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NCJ Number: 192702 Find in a Library
Title: Rural, Urban Influenced, and Urban Differences Among Domestic Violence Arrestees
Journal: Journal of Interpersonal Violence  Volume:16  Issue:3  Dated:March 2001  Pages:266-283
Author(s): T. K. Logan; Robert Walker; Carl G. Leukefeld
Date Published: March 2001
Page Count: 18
Type: Report (Study/Research)
Format: Article
Language: English
Country: United States of America
Annotation: This study examined a statewide random sample of rural, urban-influenced, and urban males arrested for perpetrating domestic violence against an intimate partner, with attention to demographic, criminal justice history, substance use, relationship characteristics, child abuse, and treatment exposure factors.
Abstract: The study used a 9-percent random sample of 1,112 pretrial interview records on males arrested for domestic violence in 1997 in Kentucky. The study examined perpetrators in three geographical areas so as to determine regional differences. The arrest data were collected during interviews conducted by Pretrial Services during the 1997 fiscal year. The interviews were completed in the jail within 12 hours of arrest. Beale Urban Influence Codes were used to classify arrestees into an urban-rural continuum. The counties in which the individuals were arrested were classified into an urban-rural continuum. Of the individuals, 67 percent were classified as urban, 11 percent were classified as urban influenced, and 22 percent were classified as rural. Data analysis focused on geographic location as the independent variable and used chi-squares for dichotomous variables and ANOVA's for continuous dependent variables. Findings showed that community context was critical in understanding domestic violence. Generally, rural males apparently presented more significant problems, given their lower employment rates, lower educational attainments, greater use of psychoactive medications, and higher arrest rates. Alcohol use was significantly prevalent across all three groups, but combined alcohol and nerve-pill drug use was more prevalent among rural domestic violence arrestees. A low percentage of males, regardless of area, had received anger management training or drug/alcohol treatment. The data suggest the need for more intervention services for domestic violence perpetrators, particularly in rural areas. 4 tables and 45 references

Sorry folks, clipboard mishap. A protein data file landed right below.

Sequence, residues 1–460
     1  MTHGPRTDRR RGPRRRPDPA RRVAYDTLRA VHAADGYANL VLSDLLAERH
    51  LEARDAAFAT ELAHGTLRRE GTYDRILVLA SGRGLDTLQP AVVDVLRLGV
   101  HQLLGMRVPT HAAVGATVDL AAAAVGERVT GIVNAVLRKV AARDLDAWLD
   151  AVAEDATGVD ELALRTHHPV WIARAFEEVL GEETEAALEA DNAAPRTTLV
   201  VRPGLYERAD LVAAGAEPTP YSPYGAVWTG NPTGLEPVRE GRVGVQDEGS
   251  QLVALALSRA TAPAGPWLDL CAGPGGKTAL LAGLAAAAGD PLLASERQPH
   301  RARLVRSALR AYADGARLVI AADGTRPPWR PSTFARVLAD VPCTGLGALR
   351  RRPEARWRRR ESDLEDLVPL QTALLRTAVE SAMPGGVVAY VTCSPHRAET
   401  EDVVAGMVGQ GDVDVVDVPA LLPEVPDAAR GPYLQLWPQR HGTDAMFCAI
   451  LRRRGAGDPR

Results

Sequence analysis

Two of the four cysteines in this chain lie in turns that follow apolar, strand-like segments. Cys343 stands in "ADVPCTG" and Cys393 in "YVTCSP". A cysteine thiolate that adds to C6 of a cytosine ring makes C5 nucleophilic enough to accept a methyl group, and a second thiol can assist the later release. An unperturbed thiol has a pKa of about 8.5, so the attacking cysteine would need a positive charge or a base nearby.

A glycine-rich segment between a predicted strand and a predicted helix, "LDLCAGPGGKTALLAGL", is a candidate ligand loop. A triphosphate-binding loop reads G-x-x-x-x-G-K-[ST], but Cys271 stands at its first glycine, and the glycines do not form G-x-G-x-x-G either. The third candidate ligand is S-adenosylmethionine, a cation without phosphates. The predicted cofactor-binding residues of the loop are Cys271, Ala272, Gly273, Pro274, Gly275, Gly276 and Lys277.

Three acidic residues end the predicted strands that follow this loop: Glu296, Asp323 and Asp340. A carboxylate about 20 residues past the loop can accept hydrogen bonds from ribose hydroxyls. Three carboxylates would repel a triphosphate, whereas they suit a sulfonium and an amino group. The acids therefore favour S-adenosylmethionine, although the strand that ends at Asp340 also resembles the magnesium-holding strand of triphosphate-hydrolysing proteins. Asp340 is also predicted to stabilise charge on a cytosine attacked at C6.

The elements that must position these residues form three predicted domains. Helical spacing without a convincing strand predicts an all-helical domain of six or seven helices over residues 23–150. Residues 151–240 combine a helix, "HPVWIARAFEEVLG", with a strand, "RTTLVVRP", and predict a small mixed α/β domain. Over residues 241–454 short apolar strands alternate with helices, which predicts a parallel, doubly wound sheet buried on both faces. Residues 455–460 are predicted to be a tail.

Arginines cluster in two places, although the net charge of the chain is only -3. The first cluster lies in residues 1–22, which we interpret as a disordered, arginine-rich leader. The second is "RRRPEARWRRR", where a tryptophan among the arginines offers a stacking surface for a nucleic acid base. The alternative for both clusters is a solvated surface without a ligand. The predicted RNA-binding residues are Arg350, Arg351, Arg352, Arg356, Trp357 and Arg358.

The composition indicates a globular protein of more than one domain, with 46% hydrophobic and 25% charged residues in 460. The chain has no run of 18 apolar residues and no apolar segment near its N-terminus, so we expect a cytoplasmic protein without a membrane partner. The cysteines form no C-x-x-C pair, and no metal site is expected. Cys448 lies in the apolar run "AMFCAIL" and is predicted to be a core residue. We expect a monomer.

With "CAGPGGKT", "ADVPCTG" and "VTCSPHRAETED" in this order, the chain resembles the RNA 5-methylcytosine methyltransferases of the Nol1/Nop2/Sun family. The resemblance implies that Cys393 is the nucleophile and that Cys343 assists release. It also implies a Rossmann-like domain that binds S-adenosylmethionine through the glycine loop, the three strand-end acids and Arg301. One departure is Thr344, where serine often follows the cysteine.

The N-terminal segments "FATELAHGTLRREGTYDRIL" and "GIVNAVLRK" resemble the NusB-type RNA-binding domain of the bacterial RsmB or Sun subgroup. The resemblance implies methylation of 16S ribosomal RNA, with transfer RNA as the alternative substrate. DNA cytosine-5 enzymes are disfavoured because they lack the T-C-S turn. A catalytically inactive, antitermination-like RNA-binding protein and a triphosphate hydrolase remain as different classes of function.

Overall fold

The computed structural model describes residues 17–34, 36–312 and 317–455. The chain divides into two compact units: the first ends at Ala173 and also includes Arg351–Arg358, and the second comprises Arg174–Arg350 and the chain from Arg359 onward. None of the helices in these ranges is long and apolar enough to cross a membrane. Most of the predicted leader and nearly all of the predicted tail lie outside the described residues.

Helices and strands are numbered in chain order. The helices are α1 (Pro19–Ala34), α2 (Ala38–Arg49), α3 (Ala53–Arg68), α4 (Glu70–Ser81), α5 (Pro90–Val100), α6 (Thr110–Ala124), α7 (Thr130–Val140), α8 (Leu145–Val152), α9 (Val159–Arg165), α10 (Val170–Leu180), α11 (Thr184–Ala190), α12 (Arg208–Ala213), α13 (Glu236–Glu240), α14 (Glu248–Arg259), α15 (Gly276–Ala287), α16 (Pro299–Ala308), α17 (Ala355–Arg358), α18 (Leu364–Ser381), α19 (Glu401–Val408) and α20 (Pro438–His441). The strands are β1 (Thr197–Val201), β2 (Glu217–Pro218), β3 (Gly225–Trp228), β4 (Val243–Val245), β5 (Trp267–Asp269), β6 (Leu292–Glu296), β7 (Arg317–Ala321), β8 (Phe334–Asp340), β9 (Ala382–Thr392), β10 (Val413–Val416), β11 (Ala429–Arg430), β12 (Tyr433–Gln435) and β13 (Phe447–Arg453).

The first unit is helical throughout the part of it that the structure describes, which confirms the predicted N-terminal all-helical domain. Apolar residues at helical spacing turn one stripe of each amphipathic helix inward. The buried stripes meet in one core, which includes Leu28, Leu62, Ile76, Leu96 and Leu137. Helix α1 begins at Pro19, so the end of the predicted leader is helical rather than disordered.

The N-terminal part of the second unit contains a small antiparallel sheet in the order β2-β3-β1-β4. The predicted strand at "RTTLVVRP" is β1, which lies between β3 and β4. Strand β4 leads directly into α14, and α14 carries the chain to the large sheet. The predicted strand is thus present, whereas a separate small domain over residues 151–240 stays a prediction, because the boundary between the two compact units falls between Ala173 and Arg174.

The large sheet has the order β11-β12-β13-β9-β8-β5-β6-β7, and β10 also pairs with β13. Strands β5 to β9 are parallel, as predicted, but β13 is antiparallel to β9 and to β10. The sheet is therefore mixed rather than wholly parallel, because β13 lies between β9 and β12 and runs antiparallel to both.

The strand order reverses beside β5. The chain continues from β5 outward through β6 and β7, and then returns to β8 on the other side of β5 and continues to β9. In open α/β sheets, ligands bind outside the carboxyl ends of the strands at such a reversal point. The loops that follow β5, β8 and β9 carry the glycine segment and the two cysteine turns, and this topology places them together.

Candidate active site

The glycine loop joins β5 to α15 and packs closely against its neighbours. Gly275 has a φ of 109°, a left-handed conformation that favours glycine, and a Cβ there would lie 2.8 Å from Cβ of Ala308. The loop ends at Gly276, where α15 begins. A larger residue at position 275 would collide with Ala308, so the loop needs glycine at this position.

Main Term(s): Victims of violent crime
Index Term(s): Alcohol-Related Offenses; Demographic analysis of crime; Domestic assault; Domestic violence causes; Drug abuse; Kentucky; Rural area studies; Rural urban comparisons
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http://www.ncjrs.gov/App/publications/abstract.aspx?ID=192702

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